Space_Coyote

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Oh hey, this thread again.

A friend of mine likes to say that while 11 was Serious Men Doing Serious Things, 12 was Al, Pete and Dick Go Campin' on the Moon.

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A few posts have been removed. Keep it on-topic, please. 

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Some more off topic content has been removed.

Typos happen, guys. We don't need to be getting at each other over it.  Please keep it civil.

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Posted (edited)
On 2/27/2020 at 4:10 AM, Commander Zoom said:

Oh hey, this thread again.

A friend of mine likes to say that while 11 was Serious Men Doing Serious Things, 12 was Al, Pete and Dick Go Campin' on the Moon.

In my opinion your friend appears to be a bit narrow minded.  The 12 crew and mission teams proved the pinpoint landing capability of the Apollo system, and allowed us to retrieve (at that time) relatively long duration equipment from the lunar environment.

If by "camping" we mean that the 12 mission demonstrated that it was then relatively easy to put men on the moon and let them operate in a relatively stress-free setting and also return safely, then sure... "campin'" is a great word.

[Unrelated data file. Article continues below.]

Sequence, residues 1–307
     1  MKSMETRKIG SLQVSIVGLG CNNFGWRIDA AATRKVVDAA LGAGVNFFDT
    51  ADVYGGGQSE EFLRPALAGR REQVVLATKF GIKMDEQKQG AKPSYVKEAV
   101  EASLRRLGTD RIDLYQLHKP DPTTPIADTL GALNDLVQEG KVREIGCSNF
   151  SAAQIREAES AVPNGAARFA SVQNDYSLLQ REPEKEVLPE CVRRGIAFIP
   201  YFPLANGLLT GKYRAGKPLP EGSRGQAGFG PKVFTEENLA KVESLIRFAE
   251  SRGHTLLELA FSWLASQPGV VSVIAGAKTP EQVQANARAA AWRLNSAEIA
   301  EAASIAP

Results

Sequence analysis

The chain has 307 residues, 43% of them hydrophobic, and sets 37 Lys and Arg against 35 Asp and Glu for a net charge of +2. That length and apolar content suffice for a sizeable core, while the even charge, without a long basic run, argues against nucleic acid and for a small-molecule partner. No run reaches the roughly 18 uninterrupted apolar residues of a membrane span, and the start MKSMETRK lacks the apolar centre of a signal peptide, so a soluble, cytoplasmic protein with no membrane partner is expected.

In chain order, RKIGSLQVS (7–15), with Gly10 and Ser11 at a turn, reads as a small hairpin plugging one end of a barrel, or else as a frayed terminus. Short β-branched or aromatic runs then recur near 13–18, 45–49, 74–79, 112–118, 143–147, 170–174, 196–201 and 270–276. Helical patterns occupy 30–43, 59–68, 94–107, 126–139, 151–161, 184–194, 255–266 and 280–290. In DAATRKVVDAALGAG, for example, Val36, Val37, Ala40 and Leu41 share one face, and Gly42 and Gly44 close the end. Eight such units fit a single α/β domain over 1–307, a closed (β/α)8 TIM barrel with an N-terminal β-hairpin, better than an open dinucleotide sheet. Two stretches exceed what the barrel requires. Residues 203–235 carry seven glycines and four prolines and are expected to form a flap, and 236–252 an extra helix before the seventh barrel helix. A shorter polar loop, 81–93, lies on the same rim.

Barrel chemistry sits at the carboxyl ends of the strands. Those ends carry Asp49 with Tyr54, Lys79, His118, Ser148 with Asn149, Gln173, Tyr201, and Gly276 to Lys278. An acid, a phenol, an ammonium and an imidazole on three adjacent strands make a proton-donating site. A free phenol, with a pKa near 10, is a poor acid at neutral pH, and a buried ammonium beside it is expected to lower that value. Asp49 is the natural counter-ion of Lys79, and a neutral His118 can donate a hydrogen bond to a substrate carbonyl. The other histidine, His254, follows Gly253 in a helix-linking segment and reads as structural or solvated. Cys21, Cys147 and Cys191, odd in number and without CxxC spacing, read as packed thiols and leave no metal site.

In my opinion, we should strive to never appreciate people or messaging that purposely minimises the efforts of any person or crew that chooses to be blasted off the surface of this planet. All crews from all countries take great risk to their lives and families when they volunteer for these missions.

Edited by Wallygator
mistyped 20 instead of 12. 20? if only!!!!

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I doubt that my friend, who is at least as much of a spaceflight buff as me, was trying to minimize anything - merely commenting on the observed difference in tone and demeanor between the two (IMO) equally and exceptionally competent crews.

Based on this post, I find it somewhat surprising that you enjoy a game which presents the endeavor of spaceflight in such a broadly comic fashion as KSP.

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18 hours ago, Commander Zoom said: